The Greinke Grind

It was a strangely cold day, in the middle of last December when the Royals lost Zack Greinke to the Milwaukee Brewers. It wasn’t so much that we felt empty after the trade, it was actually more of an overall relief- quite possibly, the last piece of the Royals dark side that finally got pulled from under rug. It was then we felt we could actually begin a new day…so we did.  The last resemblance of the past, out the window.

Here we are now.

In the midst of the youth upsurge. A moment in time filled with such accepted anxiety. Trust in this team is a hill that’s not as hard to climb as years past. For the first time in what seems like forever, we can physically see the picture right in front of our eyes. We can see exactly where our trust is headed and that’s the way it should be.

The Greinke trade was signed, sealed, and delivered. He was shipped up north, ever so quickly, to a team in the National League with a similar history as KC. Only more appealing to a young mans eyes because of change and recent, better than before success. Milwaukee receives the former Cy Young winner and a shortstop ante. Kansas City receives a hefty and simultaneously small, care package.

The average Royals fan wanted a big name slugger as far as their shy baseball minds could reach. Milwaukee was mentioned…Ryan Braun came to mind.

The more involved baseball minds knew better. They knew Greinke was the biggest name in the market, and the Royals would find a way to make plural out of singular.

Media shattering, superstar opposition has yet to be traded to Kansas City in fair, even swap.

The other route was indeed taken, and Dayton Moore brought in a shovel full of promising youth to add to the pile…a pile of youth slowly making an art form of mountainous camaraderie. East coast news regulators see Kansas City differently now-West coast, much the same. At one time a taste and smell of despicable Midwest slums; the Royals are now viewed as a semi professional operation with a gleam of youth. The brightest light in years, one for all to see.

The Kansas City Royals are back in positive conversation. Not as much on the pro side as we would like, but the overall picture is much more photogenic: a prettier girl to swing across the dance floor.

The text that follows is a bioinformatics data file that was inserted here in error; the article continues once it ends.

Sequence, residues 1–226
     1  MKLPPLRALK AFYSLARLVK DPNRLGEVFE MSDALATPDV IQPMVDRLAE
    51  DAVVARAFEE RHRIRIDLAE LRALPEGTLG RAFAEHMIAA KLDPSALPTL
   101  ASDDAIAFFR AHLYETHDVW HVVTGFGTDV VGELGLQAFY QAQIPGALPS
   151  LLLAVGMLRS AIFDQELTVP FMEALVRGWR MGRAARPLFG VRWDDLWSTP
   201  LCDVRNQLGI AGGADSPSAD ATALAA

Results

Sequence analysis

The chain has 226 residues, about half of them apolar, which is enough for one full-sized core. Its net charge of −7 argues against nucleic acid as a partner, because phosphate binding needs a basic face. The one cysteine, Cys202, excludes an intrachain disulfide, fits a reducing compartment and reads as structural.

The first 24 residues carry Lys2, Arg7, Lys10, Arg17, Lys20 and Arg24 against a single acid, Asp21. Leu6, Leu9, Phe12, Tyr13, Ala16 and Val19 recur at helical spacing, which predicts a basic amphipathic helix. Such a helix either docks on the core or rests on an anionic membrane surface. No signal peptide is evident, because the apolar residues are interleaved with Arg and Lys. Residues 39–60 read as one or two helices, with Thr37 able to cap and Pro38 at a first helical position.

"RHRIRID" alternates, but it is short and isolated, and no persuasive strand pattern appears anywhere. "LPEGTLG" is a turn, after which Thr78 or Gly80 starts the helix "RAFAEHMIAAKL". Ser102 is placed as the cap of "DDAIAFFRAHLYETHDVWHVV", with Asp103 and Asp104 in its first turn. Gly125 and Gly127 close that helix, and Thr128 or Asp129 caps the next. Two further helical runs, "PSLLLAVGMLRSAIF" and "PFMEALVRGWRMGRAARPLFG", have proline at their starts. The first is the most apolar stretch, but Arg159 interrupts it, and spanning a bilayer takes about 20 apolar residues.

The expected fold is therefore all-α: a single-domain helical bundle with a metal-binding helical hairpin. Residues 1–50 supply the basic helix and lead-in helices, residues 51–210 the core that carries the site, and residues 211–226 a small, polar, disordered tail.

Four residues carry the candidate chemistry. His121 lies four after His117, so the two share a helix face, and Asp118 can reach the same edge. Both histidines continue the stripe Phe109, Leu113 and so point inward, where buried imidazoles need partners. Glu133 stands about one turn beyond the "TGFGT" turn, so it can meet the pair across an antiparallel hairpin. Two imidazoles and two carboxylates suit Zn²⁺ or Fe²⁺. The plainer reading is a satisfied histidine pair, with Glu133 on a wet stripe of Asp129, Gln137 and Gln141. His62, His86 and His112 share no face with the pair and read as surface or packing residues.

The Royals feel that they really got what they were looking for…a team that shunned the big name. Instead of taking your most talented player and trading him for his superstar market value, a move was made to build more.

Easily exploited as the poorest team in baseball (or in other words, least resourceful), the Royals had the lowest payroll going into the season, and the highest upside. That is all this front office needed to hear to be persuaded. This move was a good one in their eyes.

Each season some new name or names walk through the clubhouse door. The Royals wearing the soggiest jacket in baseball expectedly brought in the mediocre pair of free agent residue. Jeff Francoeur and Melky Cabrera arrived. The fans were excited for a few days. The Royals win.

Surprisingly, the free agent acquisitions turned out to be ok. Money is turning green instead of antiqued in this circumstance, which is a great relief.

Free agents aside, lets examine the big trade.

Below you will see the names of each player involved in the trade, and his numbers in the current 2011 season. Also make note of the current record of each team.

Brewers (26-23, third NL Central) get:

Name IP W L ERA SO BB Opp avg
Zack Greinke 21 2 1 6.43 29 2 .282 

 

 

Name AB AVG H HR RBI SO BB OBP
Betancourt 163 .227 37 3 17 20 7 .256

Royals (22-25, third AL Central) get:

Name AB AVG H HR RBI SO BB OBP
Escobar 167 .228 38 0 12 24 9 .266
Cain (AAA) 143 .294 42 3 17 35 11 .361

 

Name IP W L ERA SO BB Opp avg
Jeffress (MLB) 15.1 1 1 4.70 13 11 .222
Odorizzi (wilm) 43.1 4 0 2.28 59 9 .223